Top tips for tree owners in Autumn. Including the four essential tree care tasks you must find time for before winter.
1. Clear Leaves
No gardener enjoys it, yet clearing leaves in Autumn is one of the most important jobs you must do – for the sake of your grass, your trees and yourself! Allowing your lawn to be covered by wet leaves is damaging; it weakens the grass due to lack of light and air, yet moss thrives in such conditions. Also, rotting leaves is an excellent medium for breeding pests, moulds and diseases which can spread to your trees, causing tree problems and tree disease, and weaken them at the time of year when they can least resist. Lastly, wet leaves are a slipping hazard and, for some allergy sufferers, spores from rotting leaf mould cause misery.
2. Inspect for safety
With winter storms on their way, now is the time to inspect your trees to ensure they are in sound condition. Without leaves, the structure of the tree is visible and allows you to check your trees for signs of damage. In particular, check:
- that your tree is upright – beware if your tree is leaning,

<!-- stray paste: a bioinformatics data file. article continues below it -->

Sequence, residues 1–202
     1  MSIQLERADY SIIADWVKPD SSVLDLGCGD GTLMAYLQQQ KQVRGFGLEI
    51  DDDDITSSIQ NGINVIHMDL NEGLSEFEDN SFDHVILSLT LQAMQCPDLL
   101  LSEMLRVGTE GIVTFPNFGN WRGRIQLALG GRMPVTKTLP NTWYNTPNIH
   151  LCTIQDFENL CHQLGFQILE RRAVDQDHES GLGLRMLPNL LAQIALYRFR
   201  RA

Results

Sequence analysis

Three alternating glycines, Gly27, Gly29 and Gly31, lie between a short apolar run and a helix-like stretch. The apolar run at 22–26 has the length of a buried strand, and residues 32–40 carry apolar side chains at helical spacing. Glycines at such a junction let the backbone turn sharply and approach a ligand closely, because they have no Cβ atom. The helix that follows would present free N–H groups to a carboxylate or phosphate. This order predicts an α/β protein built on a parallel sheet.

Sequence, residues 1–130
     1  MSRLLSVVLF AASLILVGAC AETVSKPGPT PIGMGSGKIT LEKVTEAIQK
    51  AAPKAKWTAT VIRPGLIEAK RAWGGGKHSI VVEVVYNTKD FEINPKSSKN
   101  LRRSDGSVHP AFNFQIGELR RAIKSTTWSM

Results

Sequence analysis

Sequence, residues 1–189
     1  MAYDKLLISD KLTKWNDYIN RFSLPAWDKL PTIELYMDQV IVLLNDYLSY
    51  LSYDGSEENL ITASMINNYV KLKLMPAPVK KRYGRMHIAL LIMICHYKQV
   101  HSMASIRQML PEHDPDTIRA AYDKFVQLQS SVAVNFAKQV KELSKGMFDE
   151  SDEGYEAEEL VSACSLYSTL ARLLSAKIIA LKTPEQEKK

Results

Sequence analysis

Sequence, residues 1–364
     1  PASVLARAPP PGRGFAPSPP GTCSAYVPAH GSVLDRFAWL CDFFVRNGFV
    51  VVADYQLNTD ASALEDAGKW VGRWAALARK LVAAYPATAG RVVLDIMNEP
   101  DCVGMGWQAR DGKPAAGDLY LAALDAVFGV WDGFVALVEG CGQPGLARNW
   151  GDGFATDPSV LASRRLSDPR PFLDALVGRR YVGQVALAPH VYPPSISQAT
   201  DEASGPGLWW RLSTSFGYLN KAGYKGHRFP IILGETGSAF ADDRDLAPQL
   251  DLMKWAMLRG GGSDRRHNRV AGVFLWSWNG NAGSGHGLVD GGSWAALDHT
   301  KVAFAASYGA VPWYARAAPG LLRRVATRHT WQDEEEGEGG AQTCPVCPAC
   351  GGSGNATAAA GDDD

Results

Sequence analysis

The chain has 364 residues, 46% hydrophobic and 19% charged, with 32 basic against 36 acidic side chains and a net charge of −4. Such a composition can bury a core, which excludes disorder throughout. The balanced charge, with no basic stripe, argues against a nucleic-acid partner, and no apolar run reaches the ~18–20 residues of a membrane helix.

- for any sign of tree root damage or erosion of the soil around the tree roots,
- that no part of the tree is too close to buildings, electricity cables or other structures,
- that the junctions of major branches with the trunk look healthy and intact.
If in doubt get a tree inspection from a professional local tree surgeon. Remember, most insurance policies will not pay out for damage caused by a poorly maintained tree.
Remove deadwood from your tree. Deadwood decays and attracts fungi and other harmful tree diseases and pests. While deadwooding can be done at any time of the year, autumn is best for deadwooding, without foliage, when you can see the wood better. Pruning large trees is best left for a tree surgeon on grounds of safety. Our qualified tree surgeons will be able to advise on what is required to safely maintain your trees before winter. We carry out tasks such as tree removal and stump removal and grinding for trees that are in poor condition, considered unsafe or unable to be saved.
4. Protect young trees
Newly planted trees are vulnerable for the first two or three years and young trees need protection over winter. Protect young trees from cold weather by covering with a fleece, sheets, or light tarpaulin using a frame to minimize contact between the cover and the foliage. If strong winds from winter storms are expected then ensure your young tree is securely staked. Also remember that although deer find young trees a tasty meal at any time of year, it is during the winter months that they will most likely visit (even urban gardens) in search of food. Use wire netting around the trunk to protect young trees from deer.
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